This is the first in a two-part series examining iterative negotiations in al-Waer, the final remaining opposition-held neighborhood in Homs, Syria. Navanti Researchers on the ground in al-Waer conducted interviews and reporting in the area, gauging local views toward the ongoing negotiations. The first piece in this series provides an overview of how negotiations in al-Waer have evolved over time. The second piece will explore the how the regime implemented a strategy of “kneel and starve” in al-Waer and its toll on the civilian population.
Several times a week, Mohammed, 19, crosses a frontline between his home neighborhood of al-Waer and into the rest of Homs City, so that he can attend his university studies in English at Ba’ath University. As he approaches the edges of his neighborhood, he steels himself against unknown snipers perched in buildings, out of his sight. “At any minute you could be exposed to gunfire,” he says. “Snipers do not differentiate between [armed men] and civilians or students. I am like a prisoner on my own two feet.”
A resident of al-Waer, the last rebel-held neighborhood in the central city of Homs, Syria’s third largest, Mohammed is one of several residents who, years ago, reached a decision he had sworn he never would. Exhausted, hopeless, and hungry after years of conflict with the Syrian government and local militias, the residents of al-Waer decided in 2014 to begin a careful process of negotiating with the government for their own surrender.
Residents formed a Negotiating Committee charged with coming to an agreement with the regime to end the violence in al-Waer. Since its formation, the Negotiating Committee has reached two distinct, wide-ranging agreements with its interlocutors across the frontlines. First, in December 2015, the two-sides reached agreement on a multi-stage truce, replete with trust-building measures meant to create momentum for a wider settlement. In addition to an immediate ceasefire, the Syrian government partially lifted the siege on the district, allowing in some humanitarian aid and permitting some residents, including Mohammed, to attend university, pursue employment, or visit family members. The deal also stipulated that the first of a batch of armed rebels from al-Waer who rejected negotiations head to rebel-held territory in northern Homs, Idlib Province.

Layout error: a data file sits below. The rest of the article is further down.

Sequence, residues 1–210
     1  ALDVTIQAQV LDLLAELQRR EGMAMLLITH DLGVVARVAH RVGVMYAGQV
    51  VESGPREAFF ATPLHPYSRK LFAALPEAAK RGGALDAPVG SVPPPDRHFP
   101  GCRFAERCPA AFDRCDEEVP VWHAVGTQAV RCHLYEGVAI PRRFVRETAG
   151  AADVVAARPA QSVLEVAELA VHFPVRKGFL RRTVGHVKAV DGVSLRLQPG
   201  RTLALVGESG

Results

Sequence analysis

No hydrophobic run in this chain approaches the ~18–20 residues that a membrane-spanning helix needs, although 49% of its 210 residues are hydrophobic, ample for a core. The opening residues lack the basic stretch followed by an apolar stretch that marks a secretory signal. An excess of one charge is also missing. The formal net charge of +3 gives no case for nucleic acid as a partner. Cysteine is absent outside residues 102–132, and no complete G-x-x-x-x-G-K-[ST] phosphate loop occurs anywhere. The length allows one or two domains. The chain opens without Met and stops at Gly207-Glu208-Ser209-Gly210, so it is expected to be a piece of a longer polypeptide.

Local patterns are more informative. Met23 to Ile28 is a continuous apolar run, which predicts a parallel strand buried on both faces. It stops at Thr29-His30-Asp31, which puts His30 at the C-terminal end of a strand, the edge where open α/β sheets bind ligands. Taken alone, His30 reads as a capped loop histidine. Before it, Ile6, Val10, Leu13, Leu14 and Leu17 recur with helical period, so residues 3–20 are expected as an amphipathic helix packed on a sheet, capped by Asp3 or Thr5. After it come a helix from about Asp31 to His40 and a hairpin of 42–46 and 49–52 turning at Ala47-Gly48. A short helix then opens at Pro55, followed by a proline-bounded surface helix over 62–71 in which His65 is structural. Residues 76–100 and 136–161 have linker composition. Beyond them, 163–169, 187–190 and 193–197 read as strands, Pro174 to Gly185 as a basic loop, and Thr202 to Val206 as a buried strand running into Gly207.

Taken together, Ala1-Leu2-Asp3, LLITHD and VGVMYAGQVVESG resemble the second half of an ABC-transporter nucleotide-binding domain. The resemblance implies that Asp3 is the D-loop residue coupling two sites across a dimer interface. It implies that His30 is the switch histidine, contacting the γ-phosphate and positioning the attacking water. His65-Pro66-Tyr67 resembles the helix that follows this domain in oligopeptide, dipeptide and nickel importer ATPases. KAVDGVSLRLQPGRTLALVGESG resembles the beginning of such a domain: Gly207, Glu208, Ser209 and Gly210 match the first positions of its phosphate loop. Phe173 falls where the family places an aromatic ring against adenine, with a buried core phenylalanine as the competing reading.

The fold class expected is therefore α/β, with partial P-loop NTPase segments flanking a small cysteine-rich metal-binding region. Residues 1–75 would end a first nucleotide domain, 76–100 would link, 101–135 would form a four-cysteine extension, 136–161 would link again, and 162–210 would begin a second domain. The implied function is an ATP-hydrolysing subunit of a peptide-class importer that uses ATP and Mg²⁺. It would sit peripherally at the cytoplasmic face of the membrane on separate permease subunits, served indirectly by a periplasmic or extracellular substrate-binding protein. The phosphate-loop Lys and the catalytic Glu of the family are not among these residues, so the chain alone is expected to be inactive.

But six months later, the truce had stalled. The “first stage” of the agreement, scheduled to last twenty-five days, dragged on for five months. In May 2016, the government opted for military escalation. The next time the two sides reached an agreement, in August, terms for the opposition were far less favorable. In the eight-month period between the two agreements, residents had endured low-level violence and on-again, off-again siege conditions. Additionally, rebels had lost momentum in northern Homs and across Syria, dimming hopes for a rebel rescue of al-Waer.
As interminable negotiations trudge forward, it seems that getting to the negotiating table was the easy part. Amid the back and forth that began in 2014, al-Waer’s residents have had to adjust themselves to a fragile yet devastating status quo, living somewhere between war and peace. And as time went on, al-Waer negotiators faced increasingly less leverage going in to the talks. For example, reduced leverage going into the August 2016 deal was reflected in the terms of the new agreement: all rebels were now required either to leave or surrender their weapons and become regular citizens under the Syrian state. Another 300 militants soon left al-Waer. In exchange, the government released two hundred prisoners, and again partially lifted the siege on al-Waer siege. But over two years after negotiations began, the violence has not stopped; in November, another bout of shelling killed dozens of civilians in the district.
For Mohammed, the wait for a lasting agreement has been interminable. On days he attends his classes, as he leaves his battered and impoverished neighborhood, where government bombings killed more than fifteen in the last month alone, he is immediately struck by the differences in broader Homs City, where he observes what he calls “the quiet life, where people just go about their jobs.”
Despite the challenging process of bringing an end to the violence, residents still see the Negotiating Committee as a legitimate representative of their neighborhood and want to see negotiations continue.